SINGAPORE'S largest business chamber yesterday hit out at the Workers' Party's proposals to have no additional foreign workers till 2020, saying that it would be "disastrous" for the Singapore economy and its competitiveness and "does no one any good".
It would also delay the completion of much needed capacity in the housing, transport and health-care sectors, and hurt local firms most severely, the Singapore Business Federation (SBF) said in a statement issued just hours after the WP put forward its plan to Parliament.
"With no growth in foreign workers, the impact on the economy and Singapore's competitiveness would be disastrous. The livelihood and well-being of Singaporeans will be compromised," said the federation, which represents more than 18,000 local and foreign firms in Singapore.
Sectors which have jobs that are unattractive to locals will be severely affected, such as construction firms which need more foreign workers to build new homes and MRT lines, and the health-care sector which needs more foreign workers to help reduce the strains in the polyclinics and hospitals.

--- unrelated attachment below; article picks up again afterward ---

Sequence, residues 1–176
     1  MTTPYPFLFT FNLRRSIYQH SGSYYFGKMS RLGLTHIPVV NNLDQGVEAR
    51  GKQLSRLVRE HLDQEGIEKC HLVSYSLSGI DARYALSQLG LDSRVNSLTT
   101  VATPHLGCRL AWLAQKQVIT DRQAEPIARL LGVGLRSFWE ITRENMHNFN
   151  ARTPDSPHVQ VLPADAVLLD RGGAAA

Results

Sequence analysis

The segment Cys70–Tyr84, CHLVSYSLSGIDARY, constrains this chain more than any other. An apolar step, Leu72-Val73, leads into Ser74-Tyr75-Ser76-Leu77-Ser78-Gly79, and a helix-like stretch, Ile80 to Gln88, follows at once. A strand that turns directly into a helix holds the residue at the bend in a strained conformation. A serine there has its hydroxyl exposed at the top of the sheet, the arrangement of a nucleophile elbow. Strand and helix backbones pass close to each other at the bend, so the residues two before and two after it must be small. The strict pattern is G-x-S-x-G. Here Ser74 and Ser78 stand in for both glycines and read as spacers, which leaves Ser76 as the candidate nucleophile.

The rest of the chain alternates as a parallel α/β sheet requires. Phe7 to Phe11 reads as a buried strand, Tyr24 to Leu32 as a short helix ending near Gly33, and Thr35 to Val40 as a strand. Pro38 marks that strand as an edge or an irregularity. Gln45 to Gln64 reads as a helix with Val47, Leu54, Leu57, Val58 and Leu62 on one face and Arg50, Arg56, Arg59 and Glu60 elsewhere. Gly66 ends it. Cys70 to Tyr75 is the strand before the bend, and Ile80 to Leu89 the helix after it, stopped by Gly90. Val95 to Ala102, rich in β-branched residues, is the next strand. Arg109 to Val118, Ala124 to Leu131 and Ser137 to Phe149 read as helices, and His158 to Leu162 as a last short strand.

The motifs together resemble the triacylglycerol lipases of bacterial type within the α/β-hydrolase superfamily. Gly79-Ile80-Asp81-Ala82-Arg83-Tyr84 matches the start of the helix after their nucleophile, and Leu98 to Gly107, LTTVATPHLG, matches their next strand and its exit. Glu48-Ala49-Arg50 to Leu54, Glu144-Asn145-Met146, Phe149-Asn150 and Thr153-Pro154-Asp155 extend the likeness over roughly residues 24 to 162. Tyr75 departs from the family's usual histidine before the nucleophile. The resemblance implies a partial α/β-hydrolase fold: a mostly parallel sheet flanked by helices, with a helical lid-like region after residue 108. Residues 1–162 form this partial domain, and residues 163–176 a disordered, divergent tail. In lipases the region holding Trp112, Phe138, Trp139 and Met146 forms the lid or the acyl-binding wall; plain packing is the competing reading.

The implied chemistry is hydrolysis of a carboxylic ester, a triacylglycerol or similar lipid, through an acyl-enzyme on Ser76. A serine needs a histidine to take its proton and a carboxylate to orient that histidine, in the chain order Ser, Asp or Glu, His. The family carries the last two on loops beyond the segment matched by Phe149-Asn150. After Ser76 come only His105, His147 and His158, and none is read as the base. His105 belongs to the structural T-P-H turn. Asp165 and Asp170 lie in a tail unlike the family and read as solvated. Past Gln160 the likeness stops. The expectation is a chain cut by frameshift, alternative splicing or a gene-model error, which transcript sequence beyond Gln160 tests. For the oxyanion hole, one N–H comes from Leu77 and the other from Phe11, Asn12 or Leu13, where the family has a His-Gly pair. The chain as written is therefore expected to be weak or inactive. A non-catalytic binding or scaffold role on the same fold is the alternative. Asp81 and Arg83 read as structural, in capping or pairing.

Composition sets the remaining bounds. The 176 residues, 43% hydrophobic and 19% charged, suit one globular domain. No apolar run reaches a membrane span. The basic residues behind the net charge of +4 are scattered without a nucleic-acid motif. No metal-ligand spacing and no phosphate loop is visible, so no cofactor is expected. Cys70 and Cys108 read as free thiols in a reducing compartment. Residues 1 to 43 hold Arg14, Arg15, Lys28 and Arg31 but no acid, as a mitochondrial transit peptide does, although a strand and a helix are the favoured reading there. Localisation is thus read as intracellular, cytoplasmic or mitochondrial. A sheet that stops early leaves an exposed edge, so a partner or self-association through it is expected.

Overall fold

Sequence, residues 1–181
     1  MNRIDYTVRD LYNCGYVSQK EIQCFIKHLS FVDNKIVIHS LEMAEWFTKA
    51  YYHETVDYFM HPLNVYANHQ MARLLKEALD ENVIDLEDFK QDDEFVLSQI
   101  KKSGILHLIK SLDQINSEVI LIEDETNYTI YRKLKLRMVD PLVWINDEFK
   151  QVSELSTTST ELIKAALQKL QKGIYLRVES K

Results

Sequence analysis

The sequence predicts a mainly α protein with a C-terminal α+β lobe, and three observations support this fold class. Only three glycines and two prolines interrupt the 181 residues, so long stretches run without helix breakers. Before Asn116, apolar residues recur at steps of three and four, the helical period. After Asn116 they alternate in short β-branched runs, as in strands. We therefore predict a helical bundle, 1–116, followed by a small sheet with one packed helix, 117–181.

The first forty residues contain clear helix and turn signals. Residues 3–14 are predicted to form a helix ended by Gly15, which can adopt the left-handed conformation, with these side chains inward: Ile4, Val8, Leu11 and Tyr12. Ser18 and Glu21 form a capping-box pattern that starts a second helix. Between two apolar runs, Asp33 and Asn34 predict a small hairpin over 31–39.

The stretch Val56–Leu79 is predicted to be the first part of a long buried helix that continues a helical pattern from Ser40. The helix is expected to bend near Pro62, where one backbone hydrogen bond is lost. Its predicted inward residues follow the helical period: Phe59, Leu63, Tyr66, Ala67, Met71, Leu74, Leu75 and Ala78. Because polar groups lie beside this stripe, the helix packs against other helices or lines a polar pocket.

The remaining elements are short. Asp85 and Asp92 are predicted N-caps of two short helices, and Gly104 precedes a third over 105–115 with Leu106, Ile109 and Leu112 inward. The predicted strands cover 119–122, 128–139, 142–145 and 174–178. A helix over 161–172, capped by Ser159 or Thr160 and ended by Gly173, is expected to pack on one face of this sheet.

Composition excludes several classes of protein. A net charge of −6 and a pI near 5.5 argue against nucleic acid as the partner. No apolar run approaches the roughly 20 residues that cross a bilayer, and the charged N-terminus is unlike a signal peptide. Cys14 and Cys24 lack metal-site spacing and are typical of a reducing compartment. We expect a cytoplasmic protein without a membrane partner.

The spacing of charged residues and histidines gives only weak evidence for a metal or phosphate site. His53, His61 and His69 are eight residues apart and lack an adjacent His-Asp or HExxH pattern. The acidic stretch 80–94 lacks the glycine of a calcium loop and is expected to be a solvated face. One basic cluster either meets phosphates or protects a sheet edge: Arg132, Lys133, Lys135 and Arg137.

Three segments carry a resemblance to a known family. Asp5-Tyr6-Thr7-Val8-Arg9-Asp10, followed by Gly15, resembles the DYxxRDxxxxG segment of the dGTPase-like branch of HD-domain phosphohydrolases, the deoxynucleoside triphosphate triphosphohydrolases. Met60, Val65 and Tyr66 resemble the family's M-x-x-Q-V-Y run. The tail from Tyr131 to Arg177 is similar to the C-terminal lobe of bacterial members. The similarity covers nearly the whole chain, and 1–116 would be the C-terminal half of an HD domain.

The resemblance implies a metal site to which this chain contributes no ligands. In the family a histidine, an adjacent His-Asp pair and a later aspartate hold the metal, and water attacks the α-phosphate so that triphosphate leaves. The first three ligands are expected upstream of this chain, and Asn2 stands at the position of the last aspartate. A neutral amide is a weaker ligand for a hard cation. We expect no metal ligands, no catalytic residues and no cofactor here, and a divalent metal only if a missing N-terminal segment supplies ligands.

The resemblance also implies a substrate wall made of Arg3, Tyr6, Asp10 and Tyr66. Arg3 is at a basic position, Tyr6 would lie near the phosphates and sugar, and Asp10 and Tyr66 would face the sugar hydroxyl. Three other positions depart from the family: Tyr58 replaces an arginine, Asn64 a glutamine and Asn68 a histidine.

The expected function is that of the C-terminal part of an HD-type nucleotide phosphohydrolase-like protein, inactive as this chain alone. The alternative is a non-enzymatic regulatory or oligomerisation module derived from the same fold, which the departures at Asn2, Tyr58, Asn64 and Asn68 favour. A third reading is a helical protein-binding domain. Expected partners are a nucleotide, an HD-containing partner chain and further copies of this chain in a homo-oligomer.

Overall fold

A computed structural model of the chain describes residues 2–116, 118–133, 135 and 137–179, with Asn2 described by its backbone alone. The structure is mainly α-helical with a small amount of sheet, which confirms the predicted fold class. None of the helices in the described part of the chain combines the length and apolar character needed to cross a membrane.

It reiterated its stance that both local and foreign workers are needed to keep Singapore competitive and called for a consensus.
Chief operating officer Victor Tay also said firms are already facing difficulties drawing more locals into the workforce. "Companies are already scraping the bottom of the barrel, changing shift hours to suit the 'economically inactive' group comprising of homemakers and grandparents."
The WP proposed yesterday to keep the number of foreign workers constant till 2020, and to grow the resident labour force by 1 per cent a year, by increasing the labour force participation rate and complementing that with productivity gains.
This would result in a smaller population size and lower economic growth rate than that projected in the White Paper on Population.
It is the second time the SBF has raised alarm over the prospects of a slower growing workforce, since the White Paper was released last week.
Meanwhile, president of the 6,500-strong Association of Small and Medium Enterprises Chan Chong Beng called the WP's idea "ridiculous". "The WP should talk to business people, a lot of them already want to close shop because of the shortage of foreign workers," he said.